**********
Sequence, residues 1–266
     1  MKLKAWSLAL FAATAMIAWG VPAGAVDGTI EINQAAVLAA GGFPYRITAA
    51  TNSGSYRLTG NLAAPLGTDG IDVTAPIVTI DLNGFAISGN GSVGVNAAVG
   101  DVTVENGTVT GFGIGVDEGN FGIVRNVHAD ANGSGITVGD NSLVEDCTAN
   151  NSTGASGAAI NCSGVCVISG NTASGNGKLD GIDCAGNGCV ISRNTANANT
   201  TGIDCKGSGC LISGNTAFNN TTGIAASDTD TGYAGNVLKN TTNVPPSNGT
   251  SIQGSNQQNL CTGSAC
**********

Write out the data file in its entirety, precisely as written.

Sequence, residues 1–266
     1  MKLKAWSLAL FAATAMIAWG VPAGAVDGTI EINQAAVLAA GGFPYRITAA
    51  TNSGSYRLTG NLAAPLGTDG IDVTAPIVTI DLNGFAISGN GSVGVNAAVG
   101  DVTVENGTVT GFGIGVDEGN FGIVRNVHAD ANGSGITVGD NSLVEDCTAN
   151  NSTGASGAAI NCSGVCVISG NTASGNGKLD GIDCAGNGCV ISRNTANANT
   201  TGIDCKGSGC LISGNTAFNN TTGIAASDTD TGYAGNVLKN TTNVPPSNGT
   251  SIQGSNQQNL CTGSAC